A conference, for instance, is normally organized in a lecture hall of a university or an institutional place, with the expert being in the “chair” and the public in the parterre. In a sense, it is as if the conference took place in the expert’s house and the participants were guests.
As a result, the flow of information and interactions are almost always one-way, with a few questions from the audience, confined at the end of the intervention. Participation is therefore very selective and is unlikely to involve a generic public. From the point of view of the interaction, the conference is still better than other forms of dissemination such as articles, television, and radio broadcasts, but it reaches a smaller audience.
In 1992, Duncan Dallas, a former BBC Director, launched in Leeds the idea of a science café, anticipating the revolution in science communication from the “Public Understanding of Science” to the “Public Engagement of Science and Technology” [16
]. A science café is a conference turned upside down [17
]. The advent of the Internet has also allowed using tools such as podcasts to distribute the recording of events and even streaming, introduced mainly from the science café in Florence, to be able to reach people who for geographical or health reasons cannot reach the venue of the event but want to participate at distance [20
One of the most important aspects of this methodology is related to its cognitive implications. From one side, there is the need to actively involve the public in the transmission of information, avoiding the passive TV effect. Simultaneously, one wants to avoid participants taking a premature position on hot topics, since in this case there is the risk of polarizing the audience that is no longer effectively communicating. The science café method is based on avoiding the participation of counter-posed experts, and to let public pose questions at any time, but possibly avoiding expressing their opinion until the end. Many of these aspects survive also when using virtual interactions.
In Florence, Italy, the organization of these events is carried out by the cultural association “Caffè-Scienza” (of which two of the authors are members), formed mostly by academic and CNR researchers, but also many “ordinary” people. Starting from 2004, this association is organizing the traditional science cafés (caffè-scienza) and other initiatives, almost one event per week. The public is mainly composed of middle-age, highly educated people.
Up to now, the Caffè-Scienza association has organized more than 300 events, with several variations: in markets, in libraries, streamed on YouTube, with online participation of experts, using movies (Cine-Scienza), and so on (Figure 1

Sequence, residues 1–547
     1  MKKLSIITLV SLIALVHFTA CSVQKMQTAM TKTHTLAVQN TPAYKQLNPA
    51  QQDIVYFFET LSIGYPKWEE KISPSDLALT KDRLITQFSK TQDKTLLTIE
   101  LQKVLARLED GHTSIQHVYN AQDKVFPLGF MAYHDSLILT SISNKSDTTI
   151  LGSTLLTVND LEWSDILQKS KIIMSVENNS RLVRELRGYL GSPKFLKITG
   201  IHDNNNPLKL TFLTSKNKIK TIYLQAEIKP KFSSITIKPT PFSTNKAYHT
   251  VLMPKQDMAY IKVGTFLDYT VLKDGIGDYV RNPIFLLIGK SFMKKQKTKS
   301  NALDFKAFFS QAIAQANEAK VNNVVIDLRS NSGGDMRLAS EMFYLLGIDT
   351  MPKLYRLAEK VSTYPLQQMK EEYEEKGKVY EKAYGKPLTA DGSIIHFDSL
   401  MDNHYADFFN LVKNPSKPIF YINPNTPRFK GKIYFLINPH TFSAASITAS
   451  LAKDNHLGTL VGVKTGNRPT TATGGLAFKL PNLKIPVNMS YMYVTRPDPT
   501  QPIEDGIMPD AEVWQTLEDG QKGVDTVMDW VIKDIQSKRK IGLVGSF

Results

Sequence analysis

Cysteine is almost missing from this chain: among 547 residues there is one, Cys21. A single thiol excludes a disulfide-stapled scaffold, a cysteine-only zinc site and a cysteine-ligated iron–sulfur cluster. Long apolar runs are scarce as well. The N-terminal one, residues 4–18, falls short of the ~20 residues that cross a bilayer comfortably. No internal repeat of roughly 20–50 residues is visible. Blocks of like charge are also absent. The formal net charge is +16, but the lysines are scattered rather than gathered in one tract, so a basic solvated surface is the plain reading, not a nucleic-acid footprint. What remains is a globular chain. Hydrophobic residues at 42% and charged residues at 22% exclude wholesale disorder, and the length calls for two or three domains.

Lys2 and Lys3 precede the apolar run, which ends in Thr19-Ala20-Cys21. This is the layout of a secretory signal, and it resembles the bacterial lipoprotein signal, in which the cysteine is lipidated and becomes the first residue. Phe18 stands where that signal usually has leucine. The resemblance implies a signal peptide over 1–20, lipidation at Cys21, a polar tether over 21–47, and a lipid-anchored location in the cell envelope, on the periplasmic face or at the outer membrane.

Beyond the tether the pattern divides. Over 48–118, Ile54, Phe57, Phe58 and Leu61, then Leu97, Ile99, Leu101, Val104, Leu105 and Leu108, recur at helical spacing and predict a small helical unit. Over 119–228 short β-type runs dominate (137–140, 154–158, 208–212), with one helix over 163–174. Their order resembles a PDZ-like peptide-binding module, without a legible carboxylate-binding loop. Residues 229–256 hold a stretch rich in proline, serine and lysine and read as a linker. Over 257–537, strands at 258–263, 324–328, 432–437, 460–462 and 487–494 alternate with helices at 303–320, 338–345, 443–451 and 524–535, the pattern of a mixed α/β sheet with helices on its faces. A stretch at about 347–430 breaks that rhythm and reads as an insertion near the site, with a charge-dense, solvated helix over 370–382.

). The association also experimented with radio support (nine years) and animated the Italian Network of Science Cafés. The themes are varied, covering science and technological topics. Science cafés have also been used as an instrument for evaluating and discussing the results of European projects, as well as to co-design new ones.
In Rome, the science café activity is carried out by the non-profit association “FormaScienza” (of which one of the authors is a member), formed by academic researchers, teachers, and artists, but also “ordinary” people. This association organizes, from 2005, the science cafés and other initiatives such as the junior science cafés (with high school students), science education research, teachers and student trainings, science labs, science theatre events, and science festival. In this case as well, the public is mainly composed of middle-age, highly educated people, with a strong component of high-school students, motivated by their teachers.
3. Science Shops
A science shop (“shop” in the sense of “exhibition”; they are more similar to “windows” or “counters”) is a methodology by which universities and research centers can offer services to the population.
Citizens can express requests and needs, and, if these themes can give origin to research, they are assigned to university students as part of their PhD, master, or bachelor degree; part of their traineeship; or part of an examination, always under the guidance of a researcher. The results are then presented to the population.
Science shops [21
] are one of the practical realizations of the principle that the universities and research institutes should open their doors offering services directly addressed to citizens, clearly combining them with their fundamental mission of education, formation, and research.